Love is blind. It conquers all. And, apparently, it’s a many splendored thing. In short, love pretty much looks like this:
Here, friends, is the reason we can’t depend on such time-tested sayings about love. Because we end up with Thor in an eye patch, wearing a many splendored tutu.
Then what, in these love-troubled times, can we depend on?
Young adult novels, of course!
In celebration of Valentines Day, writers from the BookYArd are looking to their novels to define the true meaning of luvvvvvvvvvv.
Now, petty, tiny humans, take heed–for here is our Valentine.
~ W H A T I S L O V E ? ~
Tavin Barnes, 17-year-old illiterate trash boy and main character of WORDLESS by AdriAnne Strickland, answers:
“Gods, I already feel like enough of an ignoramus without attempting to answer something like this. But here goes: Love is strange, intoxicating, wonderful… and utterly terrifying. It’s sort of like riding a roller coaster drunk. I want to laugh, scream and puke all at the same time.”
Annabelle Manning, the main character of Mary Crockett’s DREAM BOY, is a small-town dreamer who comes to understand love as the ultimate acceptance of another person.
She might say love is the mirror that sees all your flaws and thinks you’re perfect anyway.
Ward Ravenscroft, one of the main characters in A MURDER OF MAGPIES, believes:
Love is knowing that the person you’re with could go to a dark place and still wanting to go with them. No matter how ugly it gets, you hang on because you can’t imagine letting go. You know you’re both gonna be all messed up and different than you were going in, and yet that doesn’t seem so bad. Life, love, whatever, none of it’s supposed to be perfect.
Jae Hwa, the main character of Christina Farley’s GILDED, would tell you that love isn’t simple. It’s full of layers and it requires great sacrifice. In the final scene of the novel, she must make the greatest sacrifice of all. Palk, the god of light, explains it the best when he speaks to Jae:
“Bravery can only accomplish so much,” Palk says,apparently oblivious to Marc’s panic. “It was your sacrifice for the ones you loved that helped you succeed. That was the difference between you and the others before you.”
Rin Chupeco’s undead protagonist in THE GIRL FROM THE WELL has been a ghost for so long that the concept of love is almost alien to her. But as she relearns how to deal with humans, she also discovers that love means sacrifice, to give up what’s left of you for someone else. It’s a lesson she’s been living with for a long, long time, though she’s only beginning to understand this. She says it best – poignantly, if somewhat ambiguously:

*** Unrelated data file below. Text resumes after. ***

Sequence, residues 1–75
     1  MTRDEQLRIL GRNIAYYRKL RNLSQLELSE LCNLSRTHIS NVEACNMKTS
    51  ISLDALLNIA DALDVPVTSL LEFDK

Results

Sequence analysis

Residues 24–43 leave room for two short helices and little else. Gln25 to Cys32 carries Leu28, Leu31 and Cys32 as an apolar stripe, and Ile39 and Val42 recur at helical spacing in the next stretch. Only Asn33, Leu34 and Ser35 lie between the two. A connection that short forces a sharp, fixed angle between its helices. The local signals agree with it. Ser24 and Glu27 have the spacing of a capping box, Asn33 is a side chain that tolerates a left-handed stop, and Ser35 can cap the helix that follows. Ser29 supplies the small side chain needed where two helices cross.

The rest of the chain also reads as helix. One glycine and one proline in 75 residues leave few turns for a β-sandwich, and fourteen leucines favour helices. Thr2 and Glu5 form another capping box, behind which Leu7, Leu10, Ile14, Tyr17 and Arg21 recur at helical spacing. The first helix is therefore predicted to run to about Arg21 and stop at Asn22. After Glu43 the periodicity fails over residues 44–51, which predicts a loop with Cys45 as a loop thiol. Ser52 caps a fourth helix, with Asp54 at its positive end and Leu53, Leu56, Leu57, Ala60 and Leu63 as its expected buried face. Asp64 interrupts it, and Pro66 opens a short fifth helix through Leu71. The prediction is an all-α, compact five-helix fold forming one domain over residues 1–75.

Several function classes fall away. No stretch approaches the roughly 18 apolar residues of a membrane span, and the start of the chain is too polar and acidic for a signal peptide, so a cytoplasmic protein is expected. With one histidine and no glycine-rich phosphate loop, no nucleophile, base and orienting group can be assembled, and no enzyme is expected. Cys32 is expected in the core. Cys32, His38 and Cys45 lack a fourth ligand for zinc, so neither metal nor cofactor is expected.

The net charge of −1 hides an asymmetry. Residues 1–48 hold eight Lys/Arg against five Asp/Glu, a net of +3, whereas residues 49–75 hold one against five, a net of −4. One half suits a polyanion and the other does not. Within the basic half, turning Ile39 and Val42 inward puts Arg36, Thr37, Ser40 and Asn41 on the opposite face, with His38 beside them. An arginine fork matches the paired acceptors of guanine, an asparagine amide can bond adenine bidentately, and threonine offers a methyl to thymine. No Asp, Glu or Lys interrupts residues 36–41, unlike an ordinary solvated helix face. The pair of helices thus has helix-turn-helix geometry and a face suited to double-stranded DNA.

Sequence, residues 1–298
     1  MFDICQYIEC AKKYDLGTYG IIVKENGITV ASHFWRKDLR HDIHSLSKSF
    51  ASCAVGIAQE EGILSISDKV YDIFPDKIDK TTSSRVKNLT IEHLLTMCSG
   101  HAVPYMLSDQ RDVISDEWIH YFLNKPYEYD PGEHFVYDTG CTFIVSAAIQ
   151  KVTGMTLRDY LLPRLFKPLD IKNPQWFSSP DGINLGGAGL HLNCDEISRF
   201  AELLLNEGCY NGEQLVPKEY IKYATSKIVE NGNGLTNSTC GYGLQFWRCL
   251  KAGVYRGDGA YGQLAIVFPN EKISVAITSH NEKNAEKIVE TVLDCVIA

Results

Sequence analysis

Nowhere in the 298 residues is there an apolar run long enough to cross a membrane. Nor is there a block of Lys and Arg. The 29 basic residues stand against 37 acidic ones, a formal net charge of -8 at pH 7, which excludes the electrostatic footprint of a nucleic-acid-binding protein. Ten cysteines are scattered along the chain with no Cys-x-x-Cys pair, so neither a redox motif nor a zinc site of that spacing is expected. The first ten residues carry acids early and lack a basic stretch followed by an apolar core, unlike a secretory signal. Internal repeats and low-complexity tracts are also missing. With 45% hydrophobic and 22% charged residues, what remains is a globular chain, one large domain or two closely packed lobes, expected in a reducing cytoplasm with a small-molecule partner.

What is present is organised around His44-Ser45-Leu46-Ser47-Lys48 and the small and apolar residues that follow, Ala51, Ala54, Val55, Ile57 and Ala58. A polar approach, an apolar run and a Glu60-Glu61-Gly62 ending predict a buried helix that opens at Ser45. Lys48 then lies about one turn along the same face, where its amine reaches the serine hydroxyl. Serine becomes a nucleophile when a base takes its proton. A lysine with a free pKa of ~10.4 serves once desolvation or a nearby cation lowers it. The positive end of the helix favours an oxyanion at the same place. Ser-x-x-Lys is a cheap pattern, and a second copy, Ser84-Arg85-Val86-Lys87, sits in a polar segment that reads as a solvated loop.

“It is not in my nature, to be interested in the living. But there are many things, I have found, that defy nature.”
Caroline Richmond’s protagonist in ANOMALY, Zara St. James, has hardened herself to love. Growing up in Nazi-occupied America, she has lost so many friends and family to the Germans that she’s afraid to open her heart to anyone.
But if you really prodded Zara about what love means to her, she would tell you that love is her uncle’s laugh. Love is a warm hug from her friend Mrs. Talley. And love is the gentle eyes of Bastian Eckhart, a boy who should be her enemy but who surprises her at every turn.
Stefanie Gaither’s main character in FALLS THE SHADOW, Catelyn, struggles throughout the book with concepts of family love and loyalty–both of which are put to the test when her cloned sister turns out to be a lot different than the person she expected her to be (to say the least).
So if you asked her, she might tell you that sometimes love is readjusting expectations, understanding that just because someone isn’t showing love the way you wanted them to, it doesn’t mean they aren’t doing the best they can. And also that sometimes you can still love your sister even when she is annoying the absolute $#%@ out of you.
Danielle Ellison’s main character in FOLLOW ME THROUGH DARKNESS is trying to answer this exact question because love is at the core for what she’s fighting to save, and every decision or regret or question.
At first, Neely never questions love; she has a branding, a mark that all in her community are given, and her branding is connected to Thorne and allows them to feel each other’s emotions. So for her whole life love was always a solidity that she could literally feel.
But then a lot of stuff happens and she learns that her world is a facade…and that may include her feelings for Thorne. Then, her whole concept of love is tested and I think she’s still learning what exactly love is. She used to think that love was a person and solid belief in that person, in what you stood for together, and what you would do to be with that person. It was what she knew. But after, it changes.
Her doubt changes her definition of love and part of her story trying to determine if she loves Thorne because she loves him, or if she loves him because of the bond they share. It may be something else entirely that she’s still trying to define, and love can’t really be defined in miles or hours. It just is.